She slipped the card in but there was no chime or light. Thinking she may have mixed up her arrangement, she checked the markings but found that they were correctly matched. She tried once again but without any luck. Considering the problem briefly, she imagined what she would do back aboard the Angel in a similar situation. If it was a faulty chip, she would pull up a spare and replace it of course, but where were the spares here?

She withdrew the card and held it up to the sphere. At the same time she activated her palm beacon to show yellow hoping that the little orb would understand. For a few moments the sphere did nothing. Come on figure it out. She flashed her palm beacon again and waved the corrupt card and suddenly the little sphere bobbed up, glowing blue.
Scooting off to a corner it hovered beside a blank section of wall which began to ripple before finally dissolving to reveal rows of the cards neatly racked. She stood and hurried over, only to look despairingly at row upon row of seemingly identical cards.

She looked at the sphere and said “I don’t suppose you fancy giving me a clue do you?” She held up the card and flashed yellow then pointed at the racks flashing yellow again. A golden wave of light emanated from the sphere enveloping the card and surprising Vonny so much she almost dropped it. Without waiting for her reaction, it floated off along the racks scanning each row with that same golden beam before stopping and switching to its red pointer once more. Vonny almost felt like it was an obedient little puppy eager to please as it wobbled back and forth.
She drew the indicated card and held it against the corrupt one, delighted to see that it matched perfectly. “Well done Fido!” she laughed, hurrying back to the wall and sliding the card home. As expected the wall chimed and the small blue light lit up. What she didn’t expect though was for the consoles around the room to suddenly come alive and a loud rising hum to begin filling the small room.

“Oh bugger.” Fido said nothing again.

September 12th 2371 – 0230 FST

The silence that had settled over the away team waiting outside the room was shattered simultaneously by two events. The first was the sound of a rising hum of power as lights dimmed around them. The second was the familiar tingle of the transporter as it whisked them away at the exact same moment that Scorpion raised its shields.

September 12th 2371 – 0230 FST

Vonny moved quickly over to the consoles to study what might be happening but was at a complete loss. Many of the screens were filled with alien script scrolling rapidly sideways, occasionally pausing and then scrolling once more. The hum had reached a level now that was noticeable but no longer quite as loud which led Vonny to conclude that she probably hadn’t initiated a self destruct.

“You could have warned me Fido.” She watched as the little orb bobbed back to the wall where she’d been working and began to flash blue again. “I have no idea who designed you but they could have at least fitted you with manipulator arms!”

As she returned to her work, she smiled to herself despite the circumstances. This was the reason she’d joined Starfleet and the task engrossed her. It never even occurred to her to feel afraid.

September 12th 2371 – 0235 FST

When Kat Gray eventually stepped on to the Angel’s bridge, she saw that the main view screen was filled with an image of Scorpion.

She approached the centre seat and Dan swivelled to look at her.

“What happened Sir? Why were we pulled back?”

“I was about to ask you the same thing” said Dan raising an eyebrow. “The first thing we knew was a power surge and the transporter chief pulled you in. She’d only just got you aboard when Scorpion’s shields went up and since then nothing.”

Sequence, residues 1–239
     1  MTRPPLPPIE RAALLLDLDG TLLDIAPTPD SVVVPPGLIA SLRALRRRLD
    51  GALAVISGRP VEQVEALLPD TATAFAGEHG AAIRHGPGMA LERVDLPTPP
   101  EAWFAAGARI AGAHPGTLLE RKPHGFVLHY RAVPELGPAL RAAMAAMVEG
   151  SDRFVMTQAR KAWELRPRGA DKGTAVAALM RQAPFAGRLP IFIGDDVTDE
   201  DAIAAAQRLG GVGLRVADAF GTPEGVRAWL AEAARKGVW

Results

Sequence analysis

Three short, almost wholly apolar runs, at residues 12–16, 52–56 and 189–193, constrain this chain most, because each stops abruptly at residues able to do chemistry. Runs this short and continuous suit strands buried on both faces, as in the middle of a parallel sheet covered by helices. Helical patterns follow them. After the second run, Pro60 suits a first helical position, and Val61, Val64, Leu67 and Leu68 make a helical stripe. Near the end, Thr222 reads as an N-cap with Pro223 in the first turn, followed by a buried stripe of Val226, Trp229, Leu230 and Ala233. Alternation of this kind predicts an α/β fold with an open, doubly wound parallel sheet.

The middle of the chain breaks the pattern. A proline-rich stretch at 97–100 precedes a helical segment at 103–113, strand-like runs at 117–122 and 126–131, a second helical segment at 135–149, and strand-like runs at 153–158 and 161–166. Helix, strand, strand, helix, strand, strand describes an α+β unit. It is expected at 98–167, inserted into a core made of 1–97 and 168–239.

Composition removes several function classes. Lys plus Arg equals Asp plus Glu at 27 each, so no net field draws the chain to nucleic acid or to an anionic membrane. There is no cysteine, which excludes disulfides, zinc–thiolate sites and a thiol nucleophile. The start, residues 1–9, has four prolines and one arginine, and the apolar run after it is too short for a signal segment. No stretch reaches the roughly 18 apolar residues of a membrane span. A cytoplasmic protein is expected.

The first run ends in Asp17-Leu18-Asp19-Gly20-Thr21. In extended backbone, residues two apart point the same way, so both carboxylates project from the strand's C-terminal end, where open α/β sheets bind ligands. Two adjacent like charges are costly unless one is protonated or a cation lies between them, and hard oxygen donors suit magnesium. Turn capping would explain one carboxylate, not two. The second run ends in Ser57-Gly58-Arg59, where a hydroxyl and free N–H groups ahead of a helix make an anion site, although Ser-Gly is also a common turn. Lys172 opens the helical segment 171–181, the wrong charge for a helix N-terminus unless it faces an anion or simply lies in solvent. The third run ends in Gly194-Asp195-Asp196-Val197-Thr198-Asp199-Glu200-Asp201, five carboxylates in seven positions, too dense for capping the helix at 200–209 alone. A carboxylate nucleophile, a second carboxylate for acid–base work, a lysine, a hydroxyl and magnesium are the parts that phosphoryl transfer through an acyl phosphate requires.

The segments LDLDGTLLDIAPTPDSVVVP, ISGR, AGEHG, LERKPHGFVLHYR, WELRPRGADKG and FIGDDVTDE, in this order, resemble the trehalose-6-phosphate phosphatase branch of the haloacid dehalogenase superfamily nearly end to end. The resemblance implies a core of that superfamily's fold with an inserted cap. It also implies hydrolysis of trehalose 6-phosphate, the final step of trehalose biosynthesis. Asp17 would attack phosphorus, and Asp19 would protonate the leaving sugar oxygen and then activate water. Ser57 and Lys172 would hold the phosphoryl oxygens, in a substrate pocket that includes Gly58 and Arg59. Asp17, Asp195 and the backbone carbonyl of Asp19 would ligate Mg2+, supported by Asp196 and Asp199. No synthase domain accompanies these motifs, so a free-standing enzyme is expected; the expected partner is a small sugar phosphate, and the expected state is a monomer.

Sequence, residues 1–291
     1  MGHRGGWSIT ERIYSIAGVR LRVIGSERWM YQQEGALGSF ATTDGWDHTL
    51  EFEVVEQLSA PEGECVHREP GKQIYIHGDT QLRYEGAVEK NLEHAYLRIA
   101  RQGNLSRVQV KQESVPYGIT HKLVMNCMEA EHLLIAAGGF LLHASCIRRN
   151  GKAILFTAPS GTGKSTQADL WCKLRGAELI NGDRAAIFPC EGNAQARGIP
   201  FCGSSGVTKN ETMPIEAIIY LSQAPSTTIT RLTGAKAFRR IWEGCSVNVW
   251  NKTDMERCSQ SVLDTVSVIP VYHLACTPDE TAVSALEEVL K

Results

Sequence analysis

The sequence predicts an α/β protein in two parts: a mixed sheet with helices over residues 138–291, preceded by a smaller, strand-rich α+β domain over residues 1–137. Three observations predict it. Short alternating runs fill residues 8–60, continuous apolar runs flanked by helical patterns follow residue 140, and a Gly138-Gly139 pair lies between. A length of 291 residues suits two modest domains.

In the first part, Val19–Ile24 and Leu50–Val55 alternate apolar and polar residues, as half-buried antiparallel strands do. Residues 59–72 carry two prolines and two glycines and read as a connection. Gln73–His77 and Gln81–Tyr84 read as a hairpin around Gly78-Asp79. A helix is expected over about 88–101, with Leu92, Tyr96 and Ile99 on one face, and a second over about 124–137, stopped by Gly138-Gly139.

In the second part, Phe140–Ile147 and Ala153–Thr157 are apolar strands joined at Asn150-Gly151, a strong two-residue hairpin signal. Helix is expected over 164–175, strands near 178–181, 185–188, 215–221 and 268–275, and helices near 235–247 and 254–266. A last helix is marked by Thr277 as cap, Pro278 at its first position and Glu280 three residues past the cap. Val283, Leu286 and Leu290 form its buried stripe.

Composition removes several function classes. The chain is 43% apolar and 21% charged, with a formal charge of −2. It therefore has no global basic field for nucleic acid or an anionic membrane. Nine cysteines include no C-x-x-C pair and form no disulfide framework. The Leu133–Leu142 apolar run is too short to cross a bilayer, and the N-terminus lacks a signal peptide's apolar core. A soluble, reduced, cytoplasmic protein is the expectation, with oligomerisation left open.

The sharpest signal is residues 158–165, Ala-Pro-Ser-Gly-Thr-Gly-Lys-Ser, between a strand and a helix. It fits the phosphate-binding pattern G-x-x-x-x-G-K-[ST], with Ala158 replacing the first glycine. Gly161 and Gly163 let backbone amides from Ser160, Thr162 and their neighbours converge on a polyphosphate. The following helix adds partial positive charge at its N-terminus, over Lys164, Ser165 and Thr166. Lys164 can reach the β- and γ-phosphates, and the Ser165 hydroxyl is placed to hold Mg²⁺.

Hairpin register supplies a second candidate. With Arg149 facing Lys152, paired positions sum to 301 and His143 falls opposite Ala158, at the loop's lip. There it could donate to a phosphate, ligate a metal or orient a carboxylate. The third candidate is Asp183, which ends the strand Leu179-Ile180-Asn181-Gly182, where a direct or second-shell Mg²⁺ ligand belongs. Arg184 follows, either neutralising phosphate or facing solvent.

Kat shook her head in frustration. “I can’t really add anything to that Sir. We were sat waiting for some progress when the lights dimmed and there was what sounded like a power ramp.” She waved her hands helplessly. “Next thing we were here.”

Dan turned to tactical, manned at the moment by the Gamma shift security chief Lieutenant Commander Jorgen Ottesen.

“Mr Ottesen, any change in Scorpion?”

“No Sir. All power levels have stabilised and the ship is not moving. No sign of any weapons charging.” The big Dane shook his head frustrated. “Still no sign of Ensign Dixon though.”

“Maintain passive scans then Mr Ottesen, let’s not spook it. Ops, have the Valkyries come back aboard yet?”

Lieutenant JG Juliette Pontoin shook her head. “Negative Sir. They are waiting for clearance at this time.” Her soft Parisian accent always reminded him of a sultry holo-star and her stunning looks certainly qualified her for the role, but her bridge record was that of a no nonsense officer.

Dan had to decide quickly on Falcon flight. They’d been spaceborne since the start of this incident and maintaining them in the cockpit could be tiring when he needed them sharp. “Very well, bring them in but ask them to turn round as quickly as possible. I want them on cockpit readiness.” That would give them chance to stretch their legs briefly but still achieve a rapid launch.

“Aye Sir.”

Kat leaned in close and said quietly “Told you Starfleet had made the right choice didn’t I?”

He grinned, a welcome relief from the stress of the past three hours or so. “What did I warn you about brown nosing your Captain?”

“Whatever.” She stood and stretched. “With your permission Sir, I’ll grab a coffee and prepare a second away team with Commander DeSalle.”

“Thanks Kat. You did a good job out there.” It was meant as a genuine compliment, but she frowned.

“It’s not over yet Sir. We still have Dixon out there.”

“Then let’s make sure we do this properly Kat.”

She nodded and headed to the starboard bridge turbolift as Dan once more immersed himself in the enigma that was Scorpion.

September 12th 2371 – 0242 FST

Mo stepped from the cockpit of the recovered Valkyrie, pulling the flight helmet from her head and shaking her hair loose. At one time she had kept it cut short, operations in the older Peregrine fighter requiring constant use of a full helmet. But since she’d begun piloting the new craft with its more spacious and ergonomic cockpit, she’d allowed her hair to grow and the feeling of letting it down now was luxurious.